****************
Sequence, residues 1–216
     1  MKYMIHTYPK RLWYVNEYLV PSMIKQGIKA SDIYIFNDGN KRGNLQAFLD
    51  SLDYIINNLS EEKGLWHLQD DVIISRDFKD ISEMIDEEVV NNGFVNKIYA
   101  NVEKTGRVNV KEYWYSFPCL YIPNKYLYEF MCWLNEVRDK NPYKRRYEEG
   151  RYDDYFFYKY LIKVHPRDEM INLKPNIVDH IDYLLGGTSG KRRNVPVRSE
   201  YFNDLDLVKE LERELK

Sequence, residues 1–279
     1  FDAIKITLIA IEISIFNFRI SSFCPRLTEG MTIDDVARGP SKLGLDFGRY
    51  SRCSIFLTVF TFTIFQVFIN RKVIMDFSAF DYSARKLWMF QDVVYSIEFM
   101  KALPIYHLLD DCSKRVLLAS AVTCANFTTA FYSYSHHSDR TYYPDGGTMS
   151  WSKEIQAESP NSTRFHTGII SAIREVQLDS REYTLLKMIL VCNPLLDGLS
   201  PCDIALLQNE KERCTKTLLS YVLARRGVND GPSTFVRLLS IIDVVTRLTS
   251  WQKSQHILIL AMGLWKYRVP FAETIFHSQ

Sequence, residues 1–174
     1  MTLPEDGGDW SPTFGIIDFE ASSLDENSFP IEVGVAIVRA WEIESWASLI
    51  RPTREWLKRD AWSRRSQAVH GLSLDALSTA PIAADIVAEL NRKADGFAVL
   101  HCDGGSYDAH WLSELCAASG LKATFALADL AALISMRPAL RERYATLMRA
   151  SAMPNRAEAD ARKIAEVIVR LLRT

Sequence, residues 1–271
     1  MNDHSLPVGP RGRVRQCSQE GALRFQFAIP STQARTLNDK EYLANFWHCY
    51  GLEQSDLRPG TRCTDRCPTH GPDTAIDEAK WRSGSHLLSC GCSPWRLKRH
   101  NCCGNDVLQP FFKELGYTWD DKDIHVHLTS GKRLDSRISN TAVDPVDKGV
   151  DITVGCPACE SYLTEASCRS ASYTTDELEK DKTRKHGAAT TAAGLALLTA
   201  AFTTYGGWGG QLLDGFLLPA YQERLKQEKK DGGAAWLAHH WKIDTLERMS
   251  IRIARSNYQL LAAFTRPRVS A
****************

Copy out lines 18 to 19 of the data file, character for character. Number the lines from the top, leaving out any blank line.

   151  SAMPNRAEAD ARKIAEVIVR LLRT

Sequence, residues 1–271